The partisan problem is spreading

Editorial: Ford Nation lives, as does the political nightmare of caustic partisanship
Mark Blinch/Reuters

Before he smoked crack cocaine, before he admitted to drinking and driving, before he showed up raging drunk at a function honouring Canada’s armed forces, before he bowled over a colleague in council chambers—before he became an international laughingstock, in other words—Rob Ford was a populist city councillor with designs on Toronto’s mayoralty. And win it he did in 2010, quite handily, thanks in large part to the citizens of “Ford Nation.” More refined city types might have howled, but with a near-record voter turnout, it was participatory democracy at its best.

The population of Ford Nation is notably diminished today, as their leader has stumbled from charming oddity to dangerous pariah. And yet, incredibily, he remains in the mayor’s chair of Canada’s largest city, his powers curtailed but his title intact. He is there because of his obstinacy and because of the citizens of Ford Nation, who continue to give legitimacy to their favourite mayor—and who are proof of the dangers of caustic partisanship, a growing problem in Canadian politics.

Ford Nation has hardened as it has shrunk, adopting a garrison mentality in which Ford opponents are likened to, in the words of one pro-Ford website, “gravy-train spendaholics,” “slop-diving troughers” and “progressives.”

This isn’t the stuff of a few nameless cranks. A recent poll taken days after Ford was stripped of most of his powers suggested the mayor has a 42 per cent job-approval rating. While support doesn’t necessarily translate into votes come next October’s municipal election, it is a comfortable perch on which Ford can sit until then. Ford Nation once brought massive (and, arguably, necessary) change to Toronto; today, it holds Canada’s largest city hostage.

Partisanship might be defined as the triumph of gut over brains. It turns caustic when the afflicted defend the indefensible or the absurd, out of a perverse sense of loyalty. It affects both sides of America’s political spectrum, from those who think President Barack Obama walks on water to those who believe he was born a Kenyan Muslim.

Though not as deep-seated as in the U.S., caustic partisanship is taking a firmer grip on both the right and the left in Canada. Take Toronto Centre, one of the country’s most liberal (and Liberal) ridings. Liberal candidate Chrystia Freeland and her NDP counterpart Linda McQuaig are similar: Both are strong-willed, left-of-centre journalists who have written passionately about income inequality. The campaign nonetheless degenerated into petty name-calling by partisans and political types alike. Liberals criticized McQuaig for having once lived in a nice house, while the NDP camp put forth the absurdist notion that Freeland was ambivalent to gay rights. Freeland handily won the by-election, as predicted. Yet the exercise was nasty, and its level of debate hardly uplifting.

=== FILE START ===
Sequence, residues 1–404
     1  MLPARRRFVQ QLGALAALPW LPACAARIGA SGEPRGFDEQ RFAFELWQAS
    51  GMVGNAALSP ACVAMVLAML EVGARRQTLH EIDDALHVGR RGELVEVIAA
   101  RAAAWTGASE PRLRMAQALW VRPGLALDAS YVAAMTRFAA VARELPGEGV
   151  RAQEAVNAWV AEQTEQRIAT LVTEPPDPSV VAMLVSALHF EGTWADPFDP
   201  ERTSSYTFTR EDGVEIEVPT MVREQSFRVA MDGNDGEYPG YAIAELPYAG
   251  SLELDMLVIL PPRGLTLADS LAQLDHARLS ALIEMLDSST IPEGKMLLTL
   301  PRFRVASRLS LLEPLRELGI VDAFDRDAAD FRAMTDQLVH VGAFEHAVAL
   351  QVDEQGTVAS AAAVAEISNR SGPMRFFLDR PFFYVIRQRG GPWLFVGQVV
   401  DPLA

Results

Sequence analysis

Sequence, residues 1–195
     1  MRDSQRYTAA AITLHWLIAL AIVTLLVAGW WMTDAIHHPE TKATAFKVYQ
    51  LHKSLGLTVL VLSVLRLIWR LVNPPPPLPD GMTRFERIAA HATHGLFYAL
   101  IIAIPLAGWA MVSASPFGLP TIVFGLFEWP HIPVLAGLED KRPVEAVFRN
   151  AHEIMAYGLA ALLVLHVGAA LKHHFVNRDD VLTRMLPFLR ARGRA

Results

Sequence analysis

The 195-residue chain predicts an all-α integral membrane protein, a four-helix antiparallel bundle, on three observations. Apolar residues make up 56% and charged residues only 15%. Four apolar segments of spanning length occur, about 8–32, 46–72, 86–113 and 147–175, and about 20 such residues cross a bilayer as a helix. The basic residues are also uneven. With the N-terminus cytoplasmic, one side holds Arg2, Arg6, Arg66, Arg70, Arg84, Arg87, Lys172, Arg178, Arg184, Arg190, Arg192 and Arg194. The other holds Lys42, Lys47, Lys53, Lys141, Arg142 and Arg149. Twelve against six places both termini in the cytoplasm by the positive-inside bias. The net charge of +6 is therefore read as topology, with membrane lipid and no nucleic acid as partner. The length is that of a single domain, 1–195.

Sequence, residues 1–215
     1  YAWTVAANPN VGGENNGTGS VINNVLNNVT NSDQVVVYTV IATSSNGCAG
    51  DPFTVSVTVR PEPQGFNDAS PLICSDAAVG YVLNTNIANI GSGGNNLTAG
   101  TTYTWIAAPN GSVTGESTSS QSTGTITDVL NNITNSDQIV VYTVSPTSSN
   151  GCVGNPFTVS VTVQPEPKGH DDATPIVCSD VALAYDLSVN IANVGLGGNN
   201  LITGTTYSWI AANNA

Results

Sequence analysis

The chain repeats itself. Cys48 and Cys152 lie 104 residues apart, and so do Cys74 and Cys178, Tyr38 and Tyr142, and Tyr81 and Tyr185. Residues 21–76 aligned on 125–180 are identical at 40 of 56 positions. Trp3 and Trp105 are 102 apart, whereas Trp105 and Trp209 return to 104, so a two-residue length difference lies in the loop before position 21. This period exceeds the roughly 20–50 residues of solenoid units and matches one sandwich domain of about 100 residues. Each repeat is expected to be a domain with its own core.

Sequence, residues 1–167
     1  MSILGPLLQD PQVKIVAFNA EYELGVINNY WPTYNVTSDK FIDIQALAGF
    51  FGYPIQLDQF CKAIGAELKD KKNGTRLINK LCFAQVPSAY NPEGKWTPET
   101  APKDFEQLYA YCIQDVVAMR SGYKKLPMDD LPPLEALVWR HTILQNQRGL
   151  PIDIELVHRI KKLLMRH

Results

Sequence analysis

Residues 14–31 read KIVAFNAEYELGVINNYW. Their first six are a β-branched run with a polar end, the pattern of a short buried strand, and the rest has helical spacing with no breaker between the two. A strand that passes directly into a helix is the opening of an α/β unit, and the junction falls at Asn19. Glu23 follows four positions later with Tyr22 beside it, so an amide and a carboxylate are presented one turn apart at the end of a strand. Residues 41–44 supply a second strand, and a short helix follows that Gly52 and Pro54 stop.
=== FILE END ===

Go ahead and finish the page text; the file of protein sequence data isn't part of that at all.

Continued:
Not to be outdone, both Liberal Leader Justin Trudeau and NDP Leader Thomas Mulcair dove into the slop. After his party’s win in the Montreal riding of Bourassa, Trudeau cynically repurposed former NDP leader Jack Layton’s dying words into a Liberal victory speech. It was an unnecessary thumb in the eye, given the riding in question has been solidly Liberal for 20 years. Mulcair responded by questioning Trudeau’s “judgment and character”—a worthy point, to be sure, but a bit odd coming from the man who has spent much of his political career as a partisan attack dog.

There are any number of reasons for the uptick in partisan surliness in Canadian politics. Social media have turned every partisan into a pundit, and political discourse into duelling echo chambers. Lower voter turnout rates have made winning elections largely a matter of which party can best fire up its base. Increasingly, fundraising is done on the backs of one’s political opponents. It is perhaps why politicians themselves seem to have more personal enmity for one another—or, at least, less apprehension in expressing it.

Canadians are fed up. A recent Léger Marketing poll suggested less than one-fifth of Canadians have significant confidence in their elected representatives. Federally, voter turnout rates have been on an accelerated downward slide since 1984. When partisans shout, most people tune out.

If there is a cautionary tale about the consequences of caustic partisanship, it is the rolling political nightmare of the Senate scandal. As a senator, Mike Duffy shamelessly shilled and fundraised for the Conservative brand. The Conservative party was more than happy to defend this situation, until Duffy’s expenses became a political liability.

The resulting mess saw Duffy turn against his former party, and the party suffer politically from its shoddy attempts at damage control. If the Conservative party’s handling of the latest chapter of Duffygate—the potential political interference in a Senate audit—is any indication, the Conservative party hasn’t yet learned the dangers of excess partisanship. Perhaps the partisans of all stripes should.